Your Money: All scams have certain strategies in common

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After seeing numerous victims of ruthless con artists each year, I encourage everyone to become a more educated consumer. Tough scams take infinite forms, there are basic principles underlying all of them. Knowing the common danger signals and ways to defend yourself can save you time, money and frustration.

Be alert for these red flags:

• A deal that sounds much better than any being advertised by firms you know to be legitimate – offers that are “too good to be true”

• A promoter who is not based locally, provides no telephone number and uses a P.O. box or PMB (Private Mail Box), rather than a full street address, or insists on communicating only through e-mail

• A promoter name and/or logo that closely mimics that of a respected brand or business

• Pressure words, such as “urgent,” “today only” or a “final deadline,” sprinkled throughout the sales literature

• High-pressure threats or harassment, either in writing, during a phone call, in an e-mail message or in a personal contact

• A request to wire transfer payment. Even if they send a check to cover the payment, the check ends up being counterfeit and you get to repay the bank once it is returned.

• Immediate request or demand for a check, money order or cash to be picked up by a courier or to be sent to a mail drop or P.O. box

• Vague answers or none at all to key questions you ask about the offer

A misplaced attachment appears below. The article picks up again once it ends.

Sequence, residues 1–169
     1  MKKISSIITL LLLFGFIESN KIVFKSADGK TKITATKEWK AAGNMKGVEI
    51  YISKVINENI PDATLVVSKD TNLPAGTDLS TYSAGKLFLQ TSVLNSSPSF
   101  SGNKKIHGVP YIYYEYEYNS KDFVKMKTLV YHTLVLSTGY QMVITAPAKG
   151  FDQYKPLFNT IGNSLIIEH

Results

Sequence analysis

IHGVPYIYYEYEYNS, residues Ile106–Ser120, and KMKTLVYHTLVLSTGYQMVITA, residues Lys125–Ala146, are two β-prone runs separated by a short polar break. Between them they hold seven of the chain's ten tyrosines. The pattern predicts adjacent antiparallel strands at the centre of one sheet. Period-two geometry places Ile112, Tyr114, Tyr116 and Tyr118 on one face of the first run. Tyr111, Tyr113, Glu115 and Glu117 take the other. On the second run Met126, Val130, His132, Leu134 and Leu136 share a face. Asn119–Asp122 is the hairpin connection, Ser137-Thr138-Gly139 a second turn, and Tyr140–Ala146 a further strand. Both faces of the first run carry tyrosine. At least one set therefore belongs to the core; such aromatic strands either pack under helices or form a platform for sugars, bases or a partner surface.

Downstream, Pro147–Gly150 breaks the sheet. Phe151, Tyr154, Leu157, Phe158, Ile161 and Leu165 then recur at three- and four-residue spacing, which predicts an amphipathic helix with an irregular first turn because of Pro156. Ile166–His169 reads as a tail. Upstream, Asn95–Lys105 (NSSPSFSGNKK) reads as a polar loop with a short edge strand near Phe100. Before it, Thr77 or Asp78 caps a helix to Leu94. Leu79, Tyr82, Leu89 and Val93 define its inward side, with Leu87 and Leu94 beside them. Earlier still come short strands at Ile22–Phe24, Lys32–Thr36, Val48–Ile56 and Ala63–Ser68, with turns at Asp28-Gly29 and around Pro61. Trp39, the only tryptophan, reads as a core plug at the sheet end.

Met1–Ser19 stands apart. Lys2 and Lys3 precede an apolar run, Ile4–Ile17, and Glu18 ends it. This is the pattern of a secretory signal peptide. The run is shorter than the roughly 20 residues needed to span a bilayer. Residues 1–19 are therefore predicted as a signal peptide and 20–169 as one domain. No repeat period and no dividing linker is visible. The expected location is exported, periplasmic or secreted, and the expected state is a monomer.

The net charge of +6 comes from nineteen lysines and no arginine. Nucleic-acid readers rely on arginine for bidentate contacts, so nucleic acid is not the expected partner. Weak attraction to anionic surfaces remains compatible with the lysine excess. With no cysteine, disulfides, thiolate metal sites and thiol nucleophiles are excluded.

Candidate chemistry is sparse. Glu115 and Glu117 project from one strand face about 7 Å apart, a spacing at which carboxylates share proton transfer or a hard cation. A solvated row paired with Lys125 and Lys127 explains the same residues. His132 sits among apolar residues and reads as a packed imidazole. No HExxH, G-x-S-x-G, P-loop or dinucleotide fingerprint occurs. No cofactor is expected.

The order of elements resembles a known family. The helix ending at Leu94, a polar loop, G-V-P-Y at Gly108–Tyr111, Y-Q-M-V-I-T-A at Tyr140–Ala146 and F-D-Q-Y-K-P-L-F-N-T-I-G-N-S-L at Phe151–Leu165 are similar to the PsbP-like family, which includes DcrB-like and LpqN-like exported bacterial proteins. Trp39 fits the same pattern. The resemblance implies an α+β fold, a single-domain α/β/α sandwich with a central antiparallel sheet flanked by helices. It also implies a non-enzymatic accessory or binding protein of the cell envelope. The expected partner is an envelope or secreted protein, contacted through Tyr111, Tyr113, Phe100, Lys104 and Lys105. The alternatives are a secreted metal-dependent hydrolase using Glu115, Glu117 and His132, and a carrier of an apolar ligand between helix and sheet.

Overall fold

• Insistence that you finalize a deal orally or provide personal financial information (such as your Social Security number or credit card number), without a written contract or other documentation in writing.

Be your own best protector. Even with all the consumer protection agencies and laws on the books, you must protect yourself.

The Better Business Bureau offers these tips:

• Take your time deciding; be firm in the face of pressure.

• Protect your privacy. Provide personal information only if you know who is collecting it, why, and how it will be used.

• Read before you sign. Fully understand the contract, and make sure it matches what the salesperson told you.

• Don’t believe it just because you saw it on the Internet. Obtain the company’s physical address and phone number and check the company out with your Better Business Bureau.

• If asked to purchase goods sight unseen, compare the prices and warranties with those offered by local firms.

• If someone comes to your door offering a deal, understand that many reputable companies are too busy servicing their existing customers to go door-to-door offering today-only deals.

Many consumers who fall victim to con artists are too embarrassed to come forward, but we must all realize that these shysters are professionals and that they make their living from scamming.

Being a victim is nothing to be embarrassed by, but it is an opportunity to warn other consumers to be on the lookout for the perpetrators and possibly help authorities apprehend them.


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